The Working Group has met, although not yet with local Members.  It remains my priority to work with local Members in Dinas Powys, Llandough and Penarth in relation to access to the new St. Cyres School.  The Group is now looking at all issues relating to the St. Cyres School sites, including the lower site in Dinas Powys and, of course, that of the new school.


The Cabinet Working Group will be looking at options for access points to the new school.  As work will progress on the new site, we will be looking at access options.  However, our pressing concern relates to existing access issues as well as the priorities relating to the lower school site which Councillor Franks will be aware we have been consulting on.




Councillor Franks asked whether the Cabinet Member was able to indicate timescales for the improvement work and whether, given the provision made in the capital estimates, the work would be undertaken during the current financial year.


The Cabinet Member indicated that, in terms of the money in the Capital Programme, representatives of the owners of the land had responded to communications recently seeking further information as to why this had been required; officers within the Directorate of Development Services had responded and the Council was currently responding to representatives with a view to moving this forward.  He hoped that the current financial year would apply but could not provide a timeframe, given it involved dealing with a private landowner.  The Council was doing its utmost to try and improve the ash path as part of those discussions.  The Working Group had met again only last week to look at the site opportunities for the lower site for St. Cyres.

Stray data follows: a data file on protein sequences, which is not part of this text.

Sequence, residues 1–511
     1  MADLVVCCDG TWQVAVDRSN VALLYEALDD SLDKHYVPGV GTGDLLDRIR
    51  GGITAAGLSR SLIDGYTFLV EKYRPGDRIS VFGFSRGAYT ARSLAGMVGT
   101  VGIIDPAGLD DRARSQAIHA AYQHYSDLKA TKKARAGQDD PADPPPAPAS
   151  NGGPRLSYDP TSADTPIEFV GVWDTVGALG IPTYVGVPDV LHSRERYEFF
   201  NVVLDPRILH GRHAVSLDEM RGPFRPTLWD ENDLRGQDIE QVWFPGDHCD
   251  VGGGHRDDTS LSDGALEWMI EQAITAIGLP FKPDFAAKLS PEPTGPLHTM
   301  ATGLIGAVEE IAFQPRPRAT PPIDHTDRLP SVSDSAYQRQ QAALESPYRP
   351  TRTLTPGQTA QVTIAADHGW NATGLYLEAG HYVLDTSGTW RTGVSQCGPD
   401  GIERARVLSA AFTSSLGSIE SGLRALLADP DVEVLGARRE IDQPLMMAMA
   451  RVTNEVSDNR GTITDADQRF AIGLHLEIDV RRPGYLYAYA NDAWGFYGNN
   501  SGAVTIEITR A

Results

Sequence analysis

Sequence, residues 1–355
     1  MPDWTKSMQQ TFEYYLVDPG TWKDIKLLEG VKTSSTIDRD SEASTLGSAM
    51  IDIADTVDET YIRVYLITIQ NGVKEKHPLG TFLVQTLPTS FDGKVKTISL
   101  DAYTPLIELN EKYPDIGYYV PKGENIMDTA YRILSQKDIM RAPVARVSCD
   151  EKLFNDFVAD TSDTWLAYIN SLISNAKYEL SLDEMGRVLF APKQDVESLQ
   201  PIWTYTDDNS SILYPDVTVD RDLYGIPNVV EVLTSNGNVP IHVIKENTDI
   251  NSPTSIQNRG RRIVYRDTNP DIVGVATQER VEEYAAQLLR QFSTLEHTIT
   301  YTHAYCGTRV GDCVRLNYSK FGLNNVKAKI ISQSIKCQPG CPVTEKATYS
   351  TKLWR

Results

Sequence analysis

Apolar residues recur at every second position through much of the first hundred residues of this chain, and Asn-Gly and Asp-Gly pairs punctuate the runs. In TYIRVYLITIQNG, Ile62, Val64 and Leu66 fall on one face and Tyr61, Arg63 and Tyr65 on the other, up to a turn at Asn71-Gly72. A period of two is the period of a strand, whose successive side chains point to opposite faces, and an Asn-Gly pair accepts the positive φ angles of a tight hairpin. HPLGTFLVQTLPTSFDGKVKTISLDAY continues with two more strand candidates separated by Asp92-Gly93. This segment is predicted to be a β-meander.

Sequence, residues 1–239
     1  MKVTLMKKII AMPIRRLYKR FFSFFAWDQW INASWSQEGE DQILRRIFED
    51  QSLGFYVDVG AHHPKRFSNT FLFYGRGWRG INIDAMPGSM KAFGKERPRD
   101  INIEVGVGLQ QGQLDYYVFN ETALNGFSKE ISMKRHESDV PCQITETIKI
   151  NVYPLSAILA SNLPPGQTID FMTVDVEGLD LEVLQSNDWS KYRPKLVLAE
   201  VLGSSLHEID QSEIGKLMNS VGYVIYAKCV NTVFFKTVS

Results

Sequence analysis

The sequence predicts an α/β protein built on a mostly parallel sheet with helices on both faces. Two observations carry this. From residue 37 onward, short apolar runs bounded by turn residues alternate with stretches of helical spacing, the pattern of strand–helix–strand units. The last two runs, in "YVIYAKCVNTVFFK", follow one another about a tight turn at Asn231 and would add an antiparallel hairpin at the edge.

(xv)      Question from Councillor C.P. Franks


Members are aware of the continuing reductions in bus services serving the residents of the Vale.  The result will be a decline in services linking Barry and Dinas Powys to Llandough Hospital and Cardiff.  There will also be fewer buses per hour on the Cardiff, Penarth Dinas Powys and Barry routes.  Within Barry there will also be a decline in services.